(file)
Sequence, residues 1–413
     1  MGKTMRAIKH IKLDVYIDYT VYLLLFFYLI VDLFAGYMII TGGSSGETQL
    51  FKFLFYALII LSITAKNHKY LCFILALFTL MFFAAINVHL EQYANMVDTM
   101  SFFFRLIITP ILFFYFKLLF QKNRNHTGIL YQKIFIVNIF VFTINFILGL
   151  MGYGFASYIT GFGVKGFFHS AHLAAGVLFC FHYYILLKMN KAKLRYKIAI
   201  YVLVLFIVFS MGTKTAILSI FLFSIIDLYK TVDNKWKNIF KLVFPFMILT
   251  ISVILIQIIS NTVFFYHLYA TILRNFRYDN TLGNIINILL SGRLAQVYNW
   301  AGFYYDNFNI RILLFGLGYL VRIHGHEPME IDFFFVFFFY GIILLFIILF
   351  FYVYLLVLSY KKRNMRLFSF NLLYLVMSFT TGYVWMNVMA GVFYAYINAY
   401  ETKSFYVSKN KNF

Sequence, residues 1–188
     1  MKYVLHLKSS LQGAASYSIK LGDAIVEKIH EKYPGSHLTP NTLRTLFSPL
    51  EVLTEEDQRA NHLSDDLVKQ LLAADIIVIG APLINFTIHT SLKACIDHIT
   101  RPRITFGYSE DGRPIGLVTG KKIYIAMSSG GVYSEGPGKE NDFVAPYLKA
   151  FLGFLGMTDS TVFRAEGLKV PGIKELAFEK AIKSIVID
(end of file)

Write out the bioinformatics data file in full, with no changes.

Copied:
Sequence, residues 1–413
     1  MGKTMRAIKH IKLDVYIDYT VYLLLFFYLI VDLFAGYMII TGGSSGETQL
    51  FKFLFYALII LSITAKNHKY LCFILALFTL MFFAAINVHL EQYANMVDTM
   101  SFFFRLIITP ILFFYFKLLF QKNRNHTGIL YQKIFIVNIF VFTINFILGL
   151  MGYGFASYIT GFGVKGFFHS AHLAAGVLFC FHYYILLKMN KAKLRYKIAI
   201  YVLVLFIVFS MGTKTAILSI FLFSIIDLYK TVDNKWKNIF KLVFPFMILT
   251  ISVILIQIIS NTVFFYHLYA TILRNFRYDN TLGNIINILL SGRLAQVYNW
   301  AGFYYDNFNI RILLFGLGYL VRIHGHEPME IDFFFVFFFY GIILLFIILF
   351  FYVYLLVLSY KKRNMRLFSF NLLYLVMSFT TGYVWMNVMA GVFYAYINAY
   401  ETKSFYVSKN KNF

Sequence, residues 1–188
     1  MKYVLHLKSS LQGAASYSIK LGDAIVEKIH EKYPGSHLTP NTLRTLFSPL
    51  EVLTEEDQRA NHLSDDLVKQ LLAADIIVIG APLINFTIHT SLKACIDHIT
   101  RPRITFGYSE DGRPIGLVTG KKIYIAMSSG GVYSEGPGKE NDFVAPYLKA
   151  FLGFLGMTDS TVFRAEGLKV PGIKELAFEK AIKSIVID